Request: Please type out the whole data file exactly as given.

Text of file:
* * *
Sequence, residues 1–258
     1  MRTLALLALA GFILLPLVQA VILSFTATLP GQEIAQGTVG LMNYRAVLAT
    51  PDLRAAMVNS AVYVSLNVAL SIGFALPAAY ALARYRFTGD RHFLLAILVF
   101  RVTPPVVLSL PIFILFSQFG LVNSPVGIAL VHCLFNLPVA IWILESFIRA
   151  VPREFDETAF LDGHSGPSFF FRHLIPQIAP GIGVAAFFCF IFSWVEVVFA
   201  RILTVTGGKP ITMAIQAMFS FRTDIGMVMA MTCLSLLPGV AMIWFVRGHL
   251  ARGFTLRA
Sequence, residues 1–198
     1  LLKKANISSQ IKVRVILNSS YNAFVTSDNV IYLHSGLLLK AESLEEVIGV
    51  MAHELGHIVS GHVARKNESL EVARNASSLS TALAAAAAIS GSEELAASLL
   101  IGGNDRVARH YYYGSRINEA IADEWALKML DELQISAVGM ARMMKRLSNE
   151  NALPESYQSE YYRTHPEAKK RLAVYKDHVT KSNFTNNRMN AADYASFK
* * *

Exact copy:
Sequence, residues 1–258
     1  MRTLALLALA GFILLPLVQA VILSFTATLP GQEIAQGTVG LMNYRAVLAT
    51  PDLRAAMVNS AVYVSLNVAL SIGFALPAAY ALARYRFTGD RHFLLAILVF
   101  RVTPPVVLSL PIFILFSQFG LVNSPVGIAL VHCLFNLPVA IWILESFIRA
   151  VPREFDETAF LDGHSGPSFF FRHLIPQIAP GIGVAAFFCF IFSWVEVVFA
   201  RILTVTGGKP ITMAIQAMFS FRTDIGMVMA MTCLSLLPGV AMIWFVRGHL
   251  ARGFTLRA
Sequence, residues 1–198
     1  LLKKANISSQ IKVRVILNSS YNAFVTSDNV IYLHSGLLLK AESLEEVIGV
    51  MAHELGHIVS GHVARKNESL EVARNASSLS TALAAAAAIS GSEELAASLL
   101  IGGNDRVARH YYYGSRINEA IADEWALKML DELQISAVGM ARMMKRLSNE
   151  NALPESYQSE YYRTHPEAKK RLAVYKDHVT KSNFTNNRMN AADYASFK